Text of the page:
Students who have been assessed the student health insurance fee and have comparable health insurance coverage may apply for a waiver by completing the on-line Waiver Process at www.niu.edu/shi on or before the 10th academic day of the semester. Student who successfully complete the waiver process are not assessed the student health insurance fee or covered by student health insurance for the following spring semester.

Reinstatement to the student health insurance plan is available during open enrollment periods or within 60 days of being removed from alternate coverage. Please contact the student health insurance office for more information.

Students who are insured for the spring semester, are automatically covered through the summer whether or not they enroll in the summer session.

Information concerning the student health insurance may be obtained from the Student Health Insurance office, Health Services, Room 101, 815-753-0122 or email to studentinsurance@niu.edu.

Service Centers, Offices, and Agencies

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Huskie Academic Support Center

The University Writing Center and ACCESS Tutoring have merged to form the Huskie Academic Support Center (Huskie-ASC).  The combined services will provide online one-to-one and group support for many of your classes. The Huskie Academic Support Center will continue to offer writing/research support for all writing/oral communication-related projects through the University Writing Center coaches. Huskie-ASC will also provide interactive individual and group-based content tutoring from Supplementary Instruction Leaders (SILs), particularly for lower-level courses. Peer Academic Coaches (PACs) will help students polish their study, time management, and test-taking skills.  

Check out the Huskie ASC website: https://www.niu.edu/academic-support/ 

Email us at hasc@niu.edu for more information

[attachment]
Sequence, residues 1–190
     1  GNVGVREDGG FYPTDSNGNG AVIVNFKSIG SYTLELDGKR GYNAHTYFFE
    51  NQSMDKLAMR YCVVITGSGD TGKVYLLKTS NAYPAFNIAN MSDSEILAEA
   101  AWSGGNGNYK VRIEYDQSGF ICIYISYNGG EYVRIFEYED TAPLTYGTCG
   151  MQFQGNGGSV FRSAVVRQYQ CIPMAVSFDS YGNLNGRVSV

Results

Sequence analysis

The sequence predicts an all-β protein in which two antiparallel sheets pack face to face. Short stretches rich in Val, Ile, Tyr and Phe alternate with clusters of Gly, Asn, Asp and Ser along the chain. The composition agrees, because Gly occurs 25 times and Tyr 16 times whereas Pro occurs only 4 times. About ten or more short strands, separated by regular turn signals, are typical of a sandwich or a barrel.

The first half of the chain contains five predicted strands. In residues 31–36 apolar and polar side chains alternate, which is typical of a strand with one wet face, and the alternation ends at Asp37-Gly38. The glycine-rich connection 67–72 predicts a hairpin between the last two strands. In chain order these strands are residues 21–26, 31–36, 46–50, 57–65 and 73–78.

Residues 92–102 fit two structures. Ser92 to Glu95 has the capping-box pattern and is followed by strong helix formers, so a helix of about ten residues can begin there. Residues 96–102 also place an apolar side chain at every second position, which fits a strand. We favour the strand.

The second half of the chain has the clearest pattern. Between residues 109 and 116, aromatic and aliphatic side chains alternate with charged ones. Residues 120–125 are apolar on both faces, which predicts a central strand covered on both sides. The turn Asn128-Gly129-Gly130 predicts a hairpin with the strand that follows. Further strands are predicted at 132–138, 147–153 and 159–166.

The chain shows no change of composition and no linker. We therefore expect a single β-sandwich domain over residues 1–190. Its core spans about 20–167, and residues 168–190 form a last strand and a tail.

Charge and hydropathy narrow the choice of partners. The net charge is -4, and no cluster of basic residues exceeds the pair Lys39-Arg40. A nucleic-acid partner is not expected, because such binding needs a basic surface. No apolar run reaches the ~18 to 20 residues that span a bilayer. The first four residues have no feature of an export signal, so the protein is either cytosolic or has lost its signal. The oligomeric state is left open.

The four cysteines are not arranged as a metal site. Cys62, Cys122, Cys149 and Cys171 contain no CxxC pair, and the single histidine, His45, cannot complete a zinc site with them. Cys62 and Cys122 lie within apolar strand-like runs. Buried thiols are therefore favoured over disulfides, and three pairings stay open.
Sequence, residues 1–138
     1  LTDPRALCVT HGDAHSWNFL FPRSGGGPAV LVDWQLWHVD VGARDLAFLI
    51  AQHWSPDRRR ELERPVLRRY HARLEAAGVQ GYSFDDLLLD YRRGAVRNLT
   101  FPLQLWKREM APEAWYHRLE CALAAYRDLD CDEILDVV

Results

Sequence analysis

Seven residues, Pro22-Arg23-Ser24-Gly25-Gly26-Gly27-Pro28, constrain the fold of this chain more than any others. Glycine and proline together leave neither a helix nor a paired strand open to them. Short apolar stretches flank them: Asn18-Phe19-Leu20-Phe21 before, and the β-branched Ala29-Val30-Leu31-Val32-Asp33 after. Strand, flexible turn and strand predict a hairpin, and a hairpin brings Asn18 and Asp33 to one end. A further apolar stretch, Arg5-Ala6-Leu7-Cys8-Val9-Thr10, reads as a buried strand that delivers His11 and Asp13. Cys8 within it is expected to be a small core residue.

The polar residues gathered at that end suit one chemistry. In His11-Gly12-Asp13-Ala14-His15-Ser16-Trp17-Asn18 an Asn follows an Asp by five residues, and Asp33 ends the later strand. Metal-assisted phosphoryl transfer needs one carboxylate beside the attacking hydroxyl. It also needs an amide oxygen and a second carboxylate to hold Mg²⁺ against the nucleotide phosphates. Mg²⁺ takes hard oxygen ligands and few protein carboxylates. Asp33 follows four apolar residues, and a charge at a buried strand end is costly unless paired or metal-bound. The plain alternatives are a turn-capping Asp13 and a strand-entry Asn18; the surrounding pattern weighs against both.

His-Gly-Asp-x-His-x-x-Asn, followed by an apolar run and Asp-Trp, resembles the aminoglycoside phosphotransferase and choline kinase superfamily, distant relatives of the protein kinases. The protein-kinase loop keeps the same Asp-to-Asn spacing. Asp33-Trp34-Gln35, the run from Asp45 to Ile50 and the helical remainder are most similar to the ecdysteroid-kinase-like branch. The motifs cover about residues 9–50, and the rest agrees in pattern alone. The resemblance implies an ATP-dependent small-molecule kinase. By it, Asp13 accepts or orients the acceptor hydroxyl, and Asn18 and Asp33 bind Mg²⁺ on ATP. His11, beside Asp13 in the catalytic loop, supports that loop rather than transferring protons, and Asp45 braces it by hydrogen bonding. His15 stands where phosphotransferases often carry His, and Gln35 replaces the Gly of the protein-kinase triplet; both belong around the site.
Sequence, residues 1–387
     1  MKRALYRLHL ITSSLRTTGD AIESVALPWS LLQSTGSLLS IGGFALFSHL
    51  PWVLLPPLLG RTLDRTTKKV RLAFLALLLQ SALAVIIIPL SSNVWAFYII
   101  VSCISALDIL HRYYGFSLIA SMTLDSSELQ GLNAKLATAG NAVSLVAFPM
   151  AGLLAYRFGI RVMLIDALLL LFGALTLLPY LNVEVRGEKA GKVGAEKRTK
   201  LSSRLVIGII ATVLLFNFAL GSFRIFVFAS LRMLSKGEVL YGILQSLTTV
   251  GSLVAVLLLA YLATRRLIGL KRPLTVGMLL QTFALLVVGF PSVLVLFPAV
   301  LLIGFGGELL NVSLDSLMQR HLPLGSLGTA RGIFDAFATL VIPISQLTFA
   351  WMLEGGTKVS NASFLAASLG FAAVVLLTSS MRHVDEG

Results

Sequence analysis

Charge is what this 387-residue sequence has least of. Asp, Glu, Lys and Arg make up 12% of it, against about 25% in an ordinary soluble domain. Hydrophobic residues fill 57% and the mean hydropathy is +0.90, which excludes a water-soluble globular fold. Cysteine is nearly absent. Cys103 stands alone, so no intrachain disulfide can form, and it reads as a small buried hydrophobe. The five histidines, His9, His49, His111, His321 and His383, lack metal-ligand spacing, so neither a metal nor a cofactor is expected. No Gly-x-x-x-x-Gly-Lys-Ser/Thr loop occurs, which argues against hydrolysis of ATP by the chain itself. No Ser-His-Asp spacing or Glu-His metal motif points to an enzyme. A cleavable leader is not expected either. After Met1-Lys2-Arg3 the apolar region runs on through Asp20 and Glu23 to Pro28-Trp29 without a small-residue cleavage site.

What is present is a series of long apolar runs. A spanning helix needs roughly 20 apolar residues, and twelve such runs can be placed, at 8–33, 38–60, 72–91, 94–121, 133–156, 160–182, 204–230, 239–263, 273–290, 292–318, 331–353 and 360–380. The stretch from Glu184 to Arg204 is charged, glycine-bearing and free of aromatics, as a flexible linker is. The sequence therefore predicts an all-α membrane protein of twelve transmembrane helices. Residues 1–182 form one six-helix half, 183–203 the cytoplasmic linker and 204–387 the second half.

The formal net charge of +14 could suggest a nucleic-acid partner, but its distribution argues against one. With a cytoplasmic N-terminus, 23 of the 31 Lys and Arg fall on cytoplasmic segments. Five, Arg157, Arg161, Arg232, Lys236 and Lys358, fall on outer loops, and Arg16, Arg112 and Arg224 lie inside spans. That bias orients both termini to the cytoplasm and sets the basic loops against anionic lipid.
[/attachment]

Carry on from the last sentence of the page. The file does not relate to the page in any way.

Individual Services

University Writing Center (hasc@niu.edu): The UWC is dedicated to helping you become a stronger, more confident writer. Sessions focus on academic writing for courses, such as essays and presentations, and career-related documents, such as resumes and cover letters. Feedback helps identify what you do well and what you should focus on in the future. Focused on any course/project that requires writing, documentation, communication. Sessions cover all aspects from brainstorming/prewriting through revising/editing.

Supplementary Instruction (niusi@niu.edu): Supplemental Instruction (SI) consists of interactive out-of-class group study sessions that reinforce and clarify what you learn in class. During a session, you can ask questions, share your work and take part in learning activities with fellow students. By participating in an SI session, you can retain more information than you would by studying by yourself. Focused primarily on 100 and 200 level courses.

Peer Academic Coaches (hasc@niu.edu): Peer academic skills coaches offer one-on-one and small group instruction to help you develop effective study strategies. Focused on learning styles, note-taking skills, test-taking strategies, overcoming test anxiety, time management, motivation, etc. Sessions also provide opportunities to identify campus resources, advocate for yourself, etc.

Asian American Resource Center

NIU’s Asian American Resource Center provides student-centered services to a growing Asian American student population, which is comprised of many ethnicities including, but not limited to, Burmese, Cambodian, Chinese, Filipino, Hmong, Indian, Indonesian, Japanese, Korean, Laotian, Malaysian, Pakistani, Taiwanese, and Vietnamese. In support of the academic missions of NIU and the Division of Student Affairs, the center assists in the recruitment and retention of Asian American students and provides diverse educational, cultural, and social activities designed to raise awareness about Asian American heritage and culture. In particular, the center offers a Peer Mentor Program for first-year students designed to assist with their transition to college and their persistence to graduation. The center creates an inclusive and welcoming environment that intentionally enhances students’ learning experiences, leadership development, and career preparation. It also provides students with computer access, a resource library, meeting rooms, and extended hours during final examinations.

Campus Transportation

NIU maintains the largest student-run university bus system in Illinois. The 17-route system, governed by the director of Mass Transit and the Student Association Mass Transit Board, provides free transportation to all fee-paying students to campus, and inexpensive transportation for the DeKalb community. The Huskie buses are in operations seven days a week while school is in session during the fall and spring semesters, and for limited hours during winter and spring breaks, as well as during the summer session. Most Huskie buses are equipped with chair lifts to provide students easy access to and from campus, shopping and entertainment areas. For more information, call the Student Association at 815-753-0483.